Renowned astronomer and astronomy popularizer Kenneth L. Franklin died early Monday morning, June 18th, in Colorado, two weeks after undergoing heart surgery. He was 84 years old.

Ken Franklin, 1972

Astronomer Kenneth L. Franklin in 1972, during his heyday at the Hayden Planetarium in New York City.

American Museum of Natural History

On the first page of the November 1966 issue of Sky & Telescope, in comments about the upcoming Leonid meteor shower, Franklin stuck his neck out. Based on some calculations that he'd made, he said he felt we were going to be in for a "interesting display." His was one of the few forecasts that suggested the '66 Leonids might be memorable. As it turned out, he was right — that year observers experienced the now-legendary Leonid meteor storm.

Ken obtained his Ph.D. in astronomy in 1953 at the University of California, Berkeley. From 1954 to 1956 he was a research fellow in radio astronomy at the Department of Terrestrial Magnetism, Carnegie Institution of Washington, DC. While there, he and Bernard F. Burke discovered radio emissions from the planet Jupiter. They announced their find on April 6, 1955, at a meeting of the American Astronomical Society (AAS).

In 1956 Ken joined the staff of the American Museum-Hayden Planetarium, where he later served as chairman and chief scientist. Over the course of 30 years he wrote and/or presented innumerable sky shows for the planetarium sky theater, taught popular and technical courses in astronomy, and answered questions from the public. Ken was frequently consulted by local industries engaged in the space program, as well as by the news media and publishers. He was often interviewed on local and national radio and television, especially when a celestial event of special interest was due to occur.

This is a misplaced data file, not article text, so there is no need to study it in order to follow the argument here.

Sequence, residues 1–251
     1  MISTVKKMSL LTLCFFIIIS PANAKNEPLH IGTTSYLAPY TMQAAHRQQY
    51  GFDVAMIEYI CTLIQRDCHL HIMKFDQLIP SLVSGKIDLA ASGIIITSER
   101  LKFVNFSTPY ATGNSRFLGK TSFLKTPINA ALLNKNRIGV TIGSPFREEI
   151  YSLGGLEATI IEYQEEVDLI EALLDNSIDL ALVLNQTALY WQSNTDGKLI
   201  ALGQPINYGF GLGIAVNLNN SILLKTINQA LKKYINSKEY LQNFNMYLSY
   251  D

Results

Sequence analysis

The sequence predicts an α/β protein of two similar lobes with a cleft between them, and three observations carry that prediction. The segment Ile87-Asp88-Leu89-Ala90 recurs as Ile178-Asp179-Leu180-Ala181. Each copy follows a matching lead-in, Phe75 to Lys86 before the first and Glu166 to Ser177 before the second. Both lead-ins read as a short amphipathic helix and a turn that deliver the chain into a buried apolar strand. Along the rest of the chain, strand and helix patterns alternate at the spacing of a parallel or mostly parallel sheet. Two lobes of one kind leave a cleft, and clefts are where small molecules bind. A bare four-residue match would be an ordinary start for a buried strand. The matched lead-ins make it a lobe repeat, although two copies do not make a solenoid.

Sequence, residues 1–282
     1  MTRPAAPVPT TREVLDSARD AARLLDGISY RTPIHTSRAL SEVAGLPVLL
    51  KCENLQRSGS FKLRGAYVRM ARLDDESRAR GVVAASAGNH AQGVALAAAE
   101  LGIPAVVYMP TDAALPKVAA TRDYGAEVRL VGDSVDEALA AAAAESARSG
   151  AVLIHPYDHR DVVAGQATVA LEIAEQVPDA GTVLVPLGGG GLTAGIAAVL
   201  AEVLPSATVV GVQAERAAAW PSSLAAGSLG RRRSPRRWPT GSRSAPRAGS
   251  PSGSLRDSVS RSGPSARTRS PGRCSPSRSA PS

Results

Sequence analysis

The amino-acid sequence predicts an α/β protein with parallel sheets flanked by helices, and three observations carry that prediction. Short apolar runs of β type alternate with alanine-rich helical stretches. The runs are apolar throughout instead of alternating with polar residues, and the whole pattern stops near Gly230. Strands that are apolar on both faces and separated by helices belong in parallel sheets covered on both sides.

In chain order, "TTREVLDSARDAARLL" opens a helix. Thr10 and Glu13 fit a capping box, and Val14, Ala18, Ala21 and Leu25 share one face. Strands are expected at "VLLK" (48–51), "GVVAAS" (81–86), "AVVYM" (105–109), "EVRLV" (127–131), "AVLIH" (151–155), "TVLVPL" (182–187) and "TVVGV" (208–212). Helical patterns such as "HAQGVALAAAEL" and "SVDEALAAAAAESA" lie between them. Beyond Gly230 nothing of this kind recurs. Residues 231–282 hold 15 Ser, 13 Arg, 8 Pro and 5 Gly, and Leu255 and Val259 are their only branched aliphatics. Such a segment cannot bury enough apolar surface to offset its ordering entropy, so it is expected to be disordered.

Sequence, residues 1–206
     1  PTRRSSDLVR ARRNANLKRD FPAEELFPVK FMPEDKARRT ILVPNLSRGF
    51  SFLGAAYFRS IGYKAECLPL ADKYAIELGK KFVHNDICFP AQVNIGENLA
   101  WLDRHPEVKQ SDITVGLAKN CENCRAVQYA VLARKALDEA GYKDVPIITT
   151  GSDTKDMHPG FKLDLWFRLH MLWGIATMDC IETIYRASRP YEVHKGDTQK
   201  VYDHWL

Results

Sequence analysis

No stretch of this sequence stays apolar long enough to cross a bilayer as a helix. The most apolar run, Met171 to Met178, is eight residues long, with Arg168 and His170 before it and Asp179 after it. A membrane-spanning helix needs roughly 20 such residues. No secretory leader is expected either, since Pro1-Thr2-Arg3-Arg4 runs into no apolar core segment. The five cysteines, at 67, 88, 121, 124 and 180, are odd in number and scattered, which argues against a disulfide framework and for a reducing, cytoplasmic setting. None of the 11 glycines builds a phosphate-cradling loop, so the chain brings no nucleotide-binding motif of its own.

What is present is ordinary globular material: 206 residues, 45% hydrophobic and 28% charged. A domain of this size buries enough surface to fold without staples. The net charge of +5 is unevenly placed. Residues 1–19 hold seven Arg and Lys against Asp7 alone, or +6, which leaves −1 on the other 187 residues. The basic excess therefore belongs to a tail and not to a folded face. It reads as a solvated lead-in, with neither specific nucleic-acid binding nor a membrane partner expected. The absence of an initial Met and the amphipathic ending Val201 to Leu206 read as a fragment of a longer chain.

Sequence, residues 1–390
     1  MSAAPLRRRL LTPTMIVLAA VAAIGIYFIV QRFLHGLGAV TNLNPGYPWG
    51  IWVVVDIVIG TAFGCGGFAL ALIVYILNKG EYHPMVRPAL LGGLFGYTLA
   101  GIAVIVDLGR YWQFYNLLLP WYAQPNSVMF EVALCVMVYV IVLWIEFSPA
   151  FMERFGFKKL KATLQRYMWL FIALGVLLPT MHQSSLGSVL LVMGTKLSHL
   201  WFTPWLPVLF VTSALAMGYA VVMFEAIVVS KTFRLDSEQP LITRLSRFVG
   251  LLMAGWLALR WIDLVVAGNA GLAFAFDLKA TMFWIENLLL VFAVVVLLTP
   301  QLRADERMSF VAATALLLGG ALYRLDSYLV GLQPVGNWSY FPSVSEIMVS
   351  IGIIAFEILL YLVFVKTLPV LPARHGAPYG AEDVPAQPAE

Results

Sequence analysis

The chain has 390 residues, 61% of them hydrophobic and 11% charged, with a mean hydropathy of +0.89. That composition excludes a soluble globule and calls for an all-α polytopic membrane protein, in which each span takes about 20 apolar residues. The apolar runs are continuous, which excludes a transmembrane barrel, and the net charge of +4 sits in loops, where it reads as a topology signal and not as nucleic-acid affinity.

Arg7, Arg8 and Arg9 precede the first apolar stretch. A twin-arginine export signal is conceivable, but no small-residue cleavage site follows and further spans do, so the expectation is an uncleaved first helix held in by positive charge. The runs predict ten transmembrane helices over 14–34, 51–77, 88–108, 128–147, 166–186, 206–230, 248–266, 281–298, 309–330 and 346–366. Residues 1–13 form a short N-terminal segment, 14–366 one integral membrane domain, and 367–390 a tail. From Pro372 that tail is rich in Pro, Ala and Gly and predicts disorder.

From 1973 to 1979, Ken was the AAS's public-affairs officer. For two decades he also served in the society’s Harlow Shapley Visiting Lecturer Program, speaking at one or two colleges each year. Ken was an active member of many professional organizations and was elected a fellow of the American Association for the Advancement of Science, the Royal Astronomical Society, and the Explorers Club.

Ken served as astronomy editor of the World Almanac from 1970 to 1995, and from 1980 to 1992 he provided all of the astronomical calculations for the Farmer's Almanac through his association with the Hart Wright Company of Lewiston, Maine. He also contributed daily almanac information to the New York Times from 1975 to 1997 and launched that paper's weekly Sky Watch feature in the science section.

Asteroid number 2845 is named Franklinken in his honor.

Since 2004 Ken and his wife, Charlotte, have resided in Loveland, Colorado. In addition to Charlotte, Ken is survived by his daughters Kathleen Williams, Christine Redding, and Julie Jones.


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